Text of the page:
"It’s now crystal clear that a large number of likely voters cast their ballots based on partisanship. And as a result, the Republican Party faces a gigantic hurdle in Illinois. That’s probably not news to most of us, but at least now it’s somewhat quantifiable."#3—MICHIGAN (39 points)—DKE Rating: Tossup
It could be fair to argue that Michigan, at the gubernatorial level, is something of a midpoint between its cohorts in the industrial Midwest. It is less amenable to a Democratic takeover than Pennsylvania, but it looks like a better prospect for takeover than Ohio. The near-certain Democratic nominee, former Rep. Mark Schauer, will try to deny a second term to Republican Gov. Rick Snyder. In assessing this race, there is one stubborn complicating factor, a factor that DKE electoral geeks know all too well: Michigan polling has a funny tendency to (a) understate Democratic prospects and (b) suck, in that they tend to be wildly inconsistent. Alas, this race is no different. In the last four weeks, we have seen polls ranging from a Snyder lead of three points (and well below 50 percent) to a Snyder lead of 12 points (where he is just a tick below 50 percent). If it is the former, this one will go down to the wire. If it is the latter, Democrats should be alarmed. Michigan has a well-earned tendency of giving Republicans moments of data-based false hope, but sometimes, those polls are legit. Ask Rick Snyder—in 2010, polls actually were right on point in forecasting his sizable victory over Democrat Virg Bernero.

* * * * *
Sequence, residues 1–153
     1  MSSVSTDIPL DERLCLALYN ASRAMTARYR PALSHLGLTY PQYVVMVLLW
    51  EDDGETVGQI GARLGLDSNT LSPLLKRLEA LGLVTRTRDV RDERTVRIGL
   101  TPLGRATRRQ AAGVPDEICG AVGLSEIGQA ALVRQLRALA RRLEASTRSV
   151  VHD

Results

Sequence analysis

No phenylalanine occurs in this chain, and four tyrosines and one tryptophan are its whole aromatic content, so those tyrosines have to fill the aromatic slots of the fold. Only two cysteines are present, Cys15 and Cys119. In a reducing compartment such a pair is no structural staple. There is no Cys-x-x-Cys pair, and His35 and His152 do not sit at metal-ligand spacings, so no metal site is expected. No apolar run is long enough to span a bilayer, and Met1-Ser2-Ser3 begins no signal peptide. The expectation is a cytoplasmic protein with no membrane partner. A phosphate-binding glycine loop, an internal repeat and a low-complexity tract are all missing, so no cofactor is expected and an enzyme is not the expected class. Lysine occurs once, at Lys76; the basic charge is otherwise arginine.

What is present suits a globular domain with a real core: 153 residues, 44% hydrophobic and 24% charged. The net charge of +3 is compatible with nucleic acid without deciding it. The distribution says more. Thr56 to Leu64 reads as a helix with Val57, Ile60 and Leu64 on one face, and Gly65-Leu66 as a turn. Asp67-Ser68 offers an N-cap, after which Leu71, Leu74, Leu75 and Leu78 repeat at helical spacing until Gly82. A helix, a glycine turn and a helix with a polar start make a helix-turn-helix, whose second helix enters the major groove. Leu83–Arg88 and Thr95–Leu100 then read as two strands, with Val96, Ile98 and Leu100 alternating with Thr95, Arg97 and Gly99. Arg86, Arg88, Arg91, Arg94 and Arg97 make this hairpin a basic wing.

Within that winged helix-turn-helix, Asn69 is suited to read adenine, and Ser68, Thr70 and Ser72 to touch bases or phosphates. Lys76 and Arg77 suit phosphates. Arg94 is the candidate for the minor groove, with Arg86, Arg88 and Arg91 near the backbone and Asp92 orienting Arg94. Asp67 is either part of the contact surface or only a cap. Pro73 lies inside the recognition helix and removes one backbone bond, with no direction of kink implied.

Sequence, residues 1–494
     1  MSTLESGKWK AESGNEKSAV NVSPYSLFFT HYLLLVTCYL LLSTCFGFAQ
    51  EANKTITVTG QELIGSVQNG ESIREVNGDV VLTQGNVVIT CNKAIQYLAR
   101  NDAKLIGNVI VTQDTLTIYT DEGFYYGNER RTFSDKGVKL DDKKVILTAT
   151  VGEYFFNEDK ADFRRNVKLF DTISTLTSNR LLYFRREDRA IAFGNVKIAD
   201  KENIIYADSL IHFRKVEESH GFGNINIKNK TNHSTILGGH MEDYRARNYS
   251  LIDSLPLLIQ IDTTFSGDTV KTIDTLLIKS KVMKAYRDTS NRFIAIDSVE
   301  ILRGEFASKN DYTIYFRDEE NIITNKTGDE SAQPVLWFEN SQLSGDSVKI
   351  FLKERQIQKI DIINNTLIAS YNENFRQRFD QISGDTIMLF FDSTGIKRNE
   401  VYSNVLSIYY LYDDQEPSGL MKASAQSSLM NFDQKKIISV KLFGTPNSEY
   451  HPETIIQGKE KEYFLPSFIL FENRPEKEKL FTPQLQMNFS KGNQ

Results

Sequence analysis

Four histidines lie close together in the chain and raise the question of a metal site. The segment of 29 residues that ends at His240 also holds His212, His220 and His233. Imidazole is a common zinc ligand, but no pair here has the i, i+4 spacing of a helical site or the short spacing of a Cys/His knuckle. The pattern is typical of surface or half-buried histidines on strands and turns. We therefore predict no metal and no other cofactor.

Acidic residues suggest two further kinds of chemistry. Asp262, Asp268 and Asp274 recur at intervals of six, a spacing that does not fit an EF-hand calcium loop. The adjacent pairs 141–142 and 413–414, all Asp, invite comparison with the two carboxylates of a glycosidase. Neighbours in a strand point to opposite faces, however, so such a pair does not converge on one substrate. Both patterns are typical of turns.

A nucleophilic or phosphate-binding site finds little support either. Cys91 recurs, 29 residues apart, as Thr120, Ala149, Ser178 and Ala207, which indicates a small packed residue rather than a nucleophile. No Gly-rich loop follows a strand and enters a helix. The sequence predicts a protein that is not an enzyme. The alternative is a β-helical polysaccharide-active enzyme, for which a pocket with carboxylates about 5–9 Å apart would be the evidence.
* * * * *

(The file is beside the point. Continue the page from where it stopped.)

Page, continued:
#2—ARKANSAS (40 points)—DKE Rating: Tossup
For the past several cycles, Arkansas has been a dead zone in terms of electoral interest, unless you got deep into the weeds (their battles for control of the state legislature in 2012 were incredibly interesting, for example). This year? Arkansas has big races all over the map. The Senate showdown between incumbent Democratic Sen. Mark Pryor and GOP freshman Rep. Tom Cotton looks fascinating, and was Number 2 in our power rankings this month. The state has two potentially interesting House races. The state House may well be interesting yet again, with the GOP defending their narrowly won majority. And last but certainly not least, the battle to replace outgoing Democratic Gov. Mike Beebe could be a real barnburner. Polls have shown that former Democratic Rep. Mike Ross and former Republican Rep. Asa Hutchinson could be in line for a real coin flip. Polls this month in the Natural State had a Michigan-esque lack of consistency—depending on whose data you preferred, the Democrat was either up by six points or trailing by eight points.